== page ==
The Canadian dollar was little transitioned against the greenback on Tuesday, holding around an earlier three-month high, as Canada’s energy shares got past the worries that new oil pipeline development would become more difficult after the federal election.
Canada’s energy industry witnessed its worst-case election result unfold on Monday as Canadian Prime Minister Justin Trudeau’s Liberal party failed to secure a majority government, leaving them in need of help from left-leaning parties, like the New Democratic Party (NDP) that are against the new oil pipelines.
But Canada’s energy section made its way back to its previous losses to rise 0.6%, buoyed by greater oil prices. U.S. crude oil futures settled 1.6% higher at $54.16 a barrel.
The energy section has the second-biggest weighting on Toronto’s benchmark stock index at about 16%, while oil is one of Canada’s important exports.
“The market will be watching carefully for signals on how a minority government will handle the resource sector and how energy companies will act against the results,” stated Adam Button, chief currency analyst at ForexLive. “In the short term, there are some risks for the Canadian dollar but the rule of thumb on every election is to buy the dip and that will stand true again.”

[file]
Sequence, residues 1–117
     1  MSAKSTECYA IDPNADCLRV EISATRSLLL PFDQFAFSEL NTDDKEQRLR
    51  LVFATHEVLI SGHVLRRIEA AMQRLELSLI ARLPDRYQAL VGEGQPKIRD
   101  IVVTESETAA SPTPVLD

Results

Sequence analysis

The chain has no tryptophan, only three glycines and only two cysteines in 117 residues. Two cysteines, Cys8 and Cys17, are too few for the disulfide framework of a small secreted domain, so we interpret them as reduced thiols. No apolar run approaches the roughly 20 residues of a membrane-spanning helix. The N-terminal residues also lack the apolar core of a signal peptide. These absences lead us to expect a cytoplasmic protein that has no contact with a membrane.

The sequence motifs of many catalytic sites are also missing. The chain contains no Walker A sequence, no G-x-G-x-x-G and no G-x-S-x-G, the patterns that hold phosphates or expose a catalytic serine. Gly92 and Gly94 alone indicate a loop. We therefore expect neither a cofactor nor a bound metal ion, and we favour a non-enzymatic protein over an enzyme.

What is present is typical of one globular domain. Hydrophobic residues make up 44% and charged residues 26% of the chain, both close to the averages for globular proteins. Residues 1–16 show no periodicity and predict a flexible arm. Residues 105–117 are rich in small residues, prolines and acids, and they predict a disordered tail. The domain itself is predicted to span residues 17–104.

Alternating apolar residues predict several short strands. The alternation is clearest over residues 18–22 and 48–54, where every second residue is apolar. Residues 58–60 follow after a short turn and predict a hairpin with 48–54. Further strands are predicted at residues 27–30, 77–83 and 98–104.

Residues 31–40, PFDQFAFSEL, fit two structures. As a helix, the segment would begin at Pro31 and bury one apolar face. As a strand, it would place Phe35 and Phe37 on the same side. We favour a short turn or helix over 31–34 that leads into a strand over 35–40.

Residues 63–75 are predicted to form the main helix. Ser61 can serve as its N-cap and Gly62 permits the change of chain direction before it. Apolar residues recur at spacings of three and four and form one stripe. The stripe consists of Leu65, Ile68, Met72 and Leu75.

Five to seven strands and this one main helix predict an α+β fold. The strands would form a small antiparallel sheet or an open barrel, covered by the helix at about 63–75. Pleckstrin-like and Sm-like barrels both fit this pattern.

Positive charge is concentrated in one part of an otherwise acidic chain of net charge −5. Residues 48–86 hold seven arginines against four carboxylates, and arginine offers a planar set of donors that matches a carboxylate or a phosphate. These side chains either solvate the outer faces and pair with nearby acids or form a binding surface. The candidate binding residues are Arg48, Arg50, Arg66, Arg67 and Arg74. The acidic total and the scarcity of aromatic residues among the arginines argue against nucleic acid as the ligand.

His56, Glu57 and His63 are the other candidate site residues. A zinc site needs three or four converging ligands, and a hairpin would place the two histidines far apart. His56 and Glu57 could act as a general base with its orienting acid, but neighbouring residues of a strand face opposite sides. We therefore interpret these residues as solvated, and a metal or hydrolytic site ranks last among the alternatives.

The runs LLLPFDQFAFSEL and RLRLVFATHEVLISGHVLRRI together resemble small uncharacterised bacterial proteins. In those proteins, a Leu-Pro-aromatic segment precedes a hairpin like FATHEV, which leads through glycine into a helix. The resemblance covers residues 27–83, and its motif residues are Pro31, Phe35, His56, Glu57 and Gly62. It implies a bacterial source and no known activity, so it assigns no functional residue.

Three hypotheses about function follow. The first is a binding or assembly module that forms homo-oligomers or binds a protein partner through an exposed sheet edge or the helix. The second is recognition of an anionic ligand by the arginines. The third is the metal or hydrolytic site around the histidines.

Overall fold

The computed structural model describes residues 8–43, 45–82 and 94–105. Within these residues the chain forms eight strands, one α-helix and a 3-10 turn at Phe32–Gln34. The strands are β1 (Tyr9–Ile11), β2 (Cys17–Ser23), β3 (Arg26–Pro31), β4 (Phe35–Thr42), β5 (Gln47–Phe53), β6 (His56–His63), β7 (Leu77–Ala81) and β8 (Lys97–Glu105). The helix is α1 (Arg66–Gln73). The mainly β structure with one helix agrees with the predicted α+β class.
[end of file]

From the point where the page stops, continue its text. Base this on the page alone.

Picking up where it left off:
The election result could also lead to higher fiscal spending. Trudeau’s election platform planned to nearly double the deficit to C$27.4 billion in the next year, while the NDP wants to invest C$15 billion in climate-change steps and create a national pharmacare program.